Working with Local Seniors: The Family Story Project

Tom Mould, Professor of Anthropology and Folklore, History, and Anthropology, Butler University, Ann Homrighous, Director of Programs and Services at Heritage Place of Indianapolis, Josie Buendia, Butler student and project participant, Jack Dicen, Butler student and project participant, Kayla Erpenbeck, Butler student and project participant, Hillary Kulavic, Butler student and project participant, Danny Schmiegel, Butler student and project participant.

This session will explore issues of community engagement, community-based research, mutually beneficial outcomes, ethical fieldwork, and the common good through the case study of the Family Stories Project. The Project brought community partners, senior citizens, and university students together to meet the goals of participants, the community organization, and the course in which the students were enrolled. Students paired up with local senior citizens to record their family stories and produce a print and electronic Family Story Collection for each of them. Our session explores this project both as an easily replicable and adaptable model, as well as a case study to consider key questions in working directly with community members towards a common good that may seem individualistic, even invisible at times. Presenters include community partners and students. Participants will leave with ideas and resources for creating their own low-risk, high-impact collaborative project or adapting the Family Stories Project to their own university community. They will also leave with strategies for mitigating the risks of student fieldwork and maximizing the beneficial impacts of interpersonal, inter-generational fieldwork.

Our session and the Family Story Project at its center, does not address traditional topics and themes of the common good in terms of shared resources, facilities, and institutions, but rather to consider both shared and foundational aspects of the “common good.” Most explicitly, we approach the common good as a good shared equally and equitably among all participants. In this way, our session will focus on ensuring that collaborative projects are mutually beneficial, with all members sharing in the good of the project. Benefits will vary, meaning there may be no single, shared “common good,” but the good will be distributed and common to all.

However, we also consider the building blocks of the common good and how projects that appear focused at the individual level can nonetheless contribute to the common good as focused at the societal level of goods shared by the majority of the group. Specifically, we explore how the development of interpersonal relationships can serve are the building blocks of the common good. In the case of the Family Story Project, students and senior citizens build relationships that bridge age differences, but often also bridge regional, ethnic, racial, gender, and socio-economic boundaries as well. These benefits appear confined to individuals. Similarly, the focus on family stories has the potential to strengthen familial bonds, but those benefits, too, appear confined to small groups.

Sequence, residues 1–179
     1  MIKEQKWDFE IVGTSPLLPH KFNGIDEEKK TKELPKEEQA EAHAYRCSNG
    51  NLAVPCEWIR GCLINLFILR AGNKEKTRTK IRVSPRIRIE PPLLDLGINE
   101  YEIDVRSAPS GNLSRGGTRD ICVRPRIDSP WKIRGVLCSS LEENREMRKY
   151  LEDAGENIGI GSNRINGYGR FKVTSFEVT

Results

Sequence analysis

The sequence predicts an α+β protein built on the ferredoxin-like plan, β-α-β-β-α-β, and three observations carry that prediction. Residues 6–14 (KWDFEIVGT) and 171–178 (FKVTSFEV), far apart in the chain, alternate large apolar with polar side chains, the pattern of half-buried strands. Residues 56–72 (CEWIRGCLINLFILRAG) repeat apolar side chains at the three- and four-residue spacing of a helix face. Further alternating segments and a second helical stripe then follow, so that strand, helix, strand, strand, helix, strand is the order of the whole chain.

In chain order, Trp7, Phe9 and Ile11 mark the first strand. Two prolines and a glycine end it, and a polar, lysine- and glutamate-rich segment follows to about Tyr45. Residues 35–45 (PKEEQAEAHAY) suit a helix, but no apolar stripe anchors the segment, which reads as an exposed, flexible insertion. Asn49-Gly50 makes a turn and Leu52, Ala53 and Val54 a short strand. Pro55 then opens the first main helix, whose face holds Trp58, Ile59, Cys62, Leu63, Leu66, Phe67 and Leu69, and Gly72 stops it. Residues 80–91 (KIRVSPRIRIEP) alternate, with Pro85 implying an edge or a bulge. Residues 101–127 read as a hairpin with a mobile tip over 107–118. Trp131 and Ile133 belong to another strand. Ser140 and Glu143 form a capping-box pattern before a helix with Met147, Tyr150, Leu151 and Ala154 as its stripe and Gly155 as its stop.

One might be tempted to confuse personal good with John Locke’s concept of “private good.” However, borrowing from game theory, what is beneficial to the individual may also be beneficial to the group (the Prisoner’s dilemma is a classic example). Further, “good” is not inherently restrictive, competitive, or exclusionary. Rather, we should expect that what is good for one could be good for many. But we go one step further by considering that what is good for community members individually can impact broader goods shared by many. For example, strengthening intergenerational and interracial bonds within a community can contribute to a stronger society, and therefore the common good writ large. The same is possible for stronger familial relationships that can serve as the foundational for a stronger civic society.

Our target audience includes teachers, community leaders, and students who may not have explored project-based community engagement before and are looking for a low-risk, high impact project to begin with, or who have some experience with service-learning and community projects but are interested in exploring projects where students work directly with community members, not just community organizations.

Our goal is to offer audiences the following:

  • Ideas and resources for creating their own low-risk, high-impact collaborative project
  • Adapting the Family Stories Project to their own university community.
  • Strategies for mitigating the risks of student fieldwork and maximizing the beneficial impacts of interpersonal, inter-generational fieldwork.
  • Space for exploring practical, theoretical, ethical, and methodological questions about applying this model to their own work.
  • Opportunities to discuss how these issues related to their own projects and share their own tips. and strategies